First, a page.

ZZ Packer’s 2003 collection of short stories, Drinking Coffee Elsewhere , entered my life at around the same time I was reading my way though my tumultuous 20s. (They’re like the "terrible twos," except they last longer and are profoundly more complicated by things like college, sex, employability, and Pinterest projects.) The collection was assigned reading in one of my undergraduate creative writing courses, and as Packer was touted as one of the youngest and most prolific of the new young writers to watch — aka, what every single one of us enrolled in the course wanted be become ourselves — I dove right in, hoping some of the genius would rub off.
But instead of discovering a writer whose tricks and manipulations of literary theatrics I could borrow as my own, what I discovered in Drinking Coffee Elsewhere was a writer who wrote to me like a friend. Packer’s writing honored coming-of-age experiences; instead of mocking them as banal, as so many writers I was reading did, or with pretension, as did others. Her characters, though young, were living lives as complex and varied as my fellow 20-somethings and I felt we were as well — they were not defined solely by their youth, or their race, or their economic backgrounds, but were multi-dimensional beings that didn’t fit seamlessly into any one stereotype. Packer’s voice on the page was refreshing, and exactly what so many of us needed in a course filled with Caulfield-inspired 20-something characters who had been reproduced with enough frequency to make us feel as though "disgruntled" were the only emotion accessible to us before our 30th birthdays. Basically, ZZ Packer rocked.
1. ZZ Packer Herself Is Just Totally Inspiring.
From a debut publication in Seventeen magazine at the age of 19, to being selected as one of The New Yorker magazine's "20 Under 40" best fiction writers, to being listed as a finalist for the PEN/Faulkner award, ZZ Packer's resume boasts a seriously impressive list of young accomplishments. (Plus, you know, she attended Yale, John's Hopkins, the Iowa Writers' Workshop, and Stanford.) Maybe some of that I-can-do-anything energy will rub off on you as you read Drinking Coffee Elsewhere. It's worth a shot.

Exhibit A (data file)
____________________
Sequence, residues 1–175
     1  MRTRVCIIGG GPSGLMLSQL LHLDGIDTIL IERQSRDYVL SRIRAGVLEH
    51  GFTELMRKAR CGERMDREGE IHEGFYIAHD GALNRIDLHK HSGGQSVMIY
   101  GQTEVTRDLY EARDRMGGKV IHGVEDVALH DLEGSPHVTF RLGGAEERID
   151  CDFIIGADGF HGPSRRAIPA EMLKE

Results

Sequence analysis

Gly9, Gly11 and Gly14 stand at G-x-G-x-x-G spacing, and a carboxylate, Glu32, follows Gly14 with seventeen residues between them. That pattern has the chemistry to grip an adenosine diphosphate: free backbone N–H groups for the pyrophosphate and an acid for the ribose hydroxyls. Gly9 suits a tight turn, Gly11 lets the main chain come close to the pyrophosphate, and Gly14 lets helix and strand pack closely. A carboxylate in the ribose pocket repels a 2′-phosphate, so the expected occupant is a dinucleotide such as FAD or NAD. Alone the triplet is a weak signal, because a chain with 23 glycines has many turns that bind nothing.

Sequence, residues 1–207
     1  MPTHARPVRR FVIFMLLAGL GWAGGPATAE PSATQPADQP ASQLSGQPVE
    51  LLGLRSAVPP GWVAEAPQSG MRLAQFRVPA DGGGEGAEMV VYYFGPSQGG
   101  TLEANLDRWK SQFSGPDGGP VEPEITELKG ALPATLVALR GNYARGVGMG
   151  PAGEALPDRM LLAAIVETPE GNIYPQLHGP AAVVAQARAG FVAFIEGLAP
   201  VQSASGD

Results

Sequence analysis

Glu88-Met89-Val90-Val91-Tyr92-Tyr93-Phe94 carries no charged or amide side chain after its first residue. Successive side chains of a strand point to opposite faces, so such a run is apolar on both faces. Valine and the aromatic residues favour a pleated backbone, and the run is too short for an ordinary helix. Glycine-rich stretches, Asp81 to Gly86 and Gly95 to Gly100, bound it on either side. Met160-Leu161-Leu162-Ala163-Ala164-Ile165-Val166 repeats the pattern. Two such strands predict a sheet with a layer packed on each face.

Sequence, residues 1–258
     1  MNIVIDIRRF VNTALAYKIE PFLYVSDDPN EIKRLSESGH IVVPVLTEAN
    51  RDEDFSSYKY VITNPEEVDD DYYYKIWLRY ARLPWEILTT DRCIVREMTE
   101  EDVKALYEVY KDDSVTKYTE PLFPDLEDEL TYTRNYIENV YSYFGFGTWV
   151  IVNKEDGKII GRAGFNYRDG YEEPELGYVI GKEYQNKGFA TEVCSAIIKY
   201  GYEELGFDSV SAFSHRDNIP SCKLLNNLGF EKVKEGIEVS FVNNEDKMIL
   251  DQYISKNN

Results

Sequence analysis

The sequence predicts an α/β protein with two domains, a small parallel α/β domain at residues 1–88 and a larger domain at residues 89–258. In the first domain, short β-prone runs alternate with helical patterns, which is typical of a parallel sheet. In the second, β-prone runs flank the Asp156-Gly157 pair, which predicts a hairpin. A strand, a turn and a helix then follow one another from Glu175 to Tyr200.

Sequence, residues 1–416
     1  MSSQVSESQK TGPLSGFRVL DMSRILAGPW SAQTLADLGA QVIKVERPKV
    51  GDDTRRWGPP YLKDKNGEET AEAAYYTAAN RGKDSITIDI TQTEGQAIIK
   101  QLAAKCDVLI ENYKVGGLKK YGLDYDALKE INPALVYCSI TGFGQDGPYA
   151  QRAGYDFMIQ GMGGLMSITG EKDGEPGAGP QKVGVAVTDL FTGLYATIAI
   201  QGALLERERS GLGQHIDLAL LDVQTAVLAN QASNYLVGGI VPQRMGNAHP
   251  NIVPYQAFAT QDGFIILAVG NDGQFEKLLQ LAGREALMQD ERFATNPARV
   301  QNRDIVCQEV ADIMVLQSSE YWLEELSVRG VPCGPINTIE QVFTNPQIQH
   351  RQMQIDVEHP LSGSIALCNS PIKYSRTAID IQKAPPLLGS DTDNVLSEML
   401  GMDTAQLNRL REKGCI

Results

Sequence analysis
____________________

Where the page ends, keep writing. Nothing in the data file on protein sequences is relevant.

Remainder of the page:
2. Because You've Definitely Had Those Days When You Wish You Were Drinking Coffee Elsewhere.
This collection of stories is filled with characters who perfectly capture the feelings of being an outsider — those feelings of vague wonder about what life would be like if you were someone else, or somewhere else, or able to fast forward/rewind/skip over certain coming-of-age experiences. The title story of this collection, Drinking Coffee Elsewhere, even begins with a description of first day of college “orientation games” (a phrase I think we can all agree strikes dread, fear, and paralyzing social anxiety into the hearts of college freshman everywhere, always.) We’ve all had those days when we wished we were drinking coffee (or perhaps something just a bit stronger) elsewhere. Packer just gets it.
3. It'll Make You Challenge The Assumptions Of Stereotypes.
Although each of the stories in Drinking Coffee Elsewhere presents a discussion of race, and the impact race has on our relationships with ourselves and others, Packer challenges the assumption that race is always going to be the strongest influencing factor in a given situation. From church ladies to handicapped campers to homeless teens, none of Packer's characters fit into any one particular mold. Most of her black characters encounter characters of different races who are enduring forms of social alienation other than blackness — physical and mental disabilities, gender discrimination, poverty — often flipping the script of the assumed paradigm.
4. You'll Realize You're Not Alone On Your Journey Of Self Discovery.
You'll encounter most of Packer's characters in the immediate urgency of a defining coming-of-age moment. Even if the characters aren't in their 20s themselves, their journeys of self discovery will speak sympathetically to your own 20-something winding road. Whether they're experiencing culture shock, meeting people from backgrounds that are polar opposite to their own, or revealing some unpleasant truths about themselves, the characters in Drinking Coffee Elsewhere are all immersed in discoveries from which they will emerge changed.
5. You'll Be Reminded That Your Parents Are Just People Too.
If you haven't been disappointed, at least a little, by your parents by the time you reach your 20s, then this will probably be the decade when you finally receive the wake up call that the 'rents, saintly as you may find them now, are really just people too. And sometimes, they mess up. A lot. But perhaps not quite as bad as the father in Packer's story The Ant of the Self, whose son bails him out of jail, for which he thanks him by getting him drunk, beating him up, and then stealing his car. Hopefully your own "parents are people too" moment isn't quite as dramatic.
6. You'll Feel Like You Just Had The Best Conversation With Your Very Best Friend.
Each of the stories in Drinking Coffee Elsewhere feel wholly lived in — as though you've met these characters, of some familiar version of them, before. Packer's voice is candid, unsentimental, clever, and peppered with surprising moments of quiet humor. There are no tricks to her writing; it's just straightforward storytelling with which you'll feel an immediate connection, and probably recognize a bit of your 20-something self. Packer will meet you exactly where you are and remind you that we've all been (or will be soon) there.
Images: Stocksy; Giphy (6)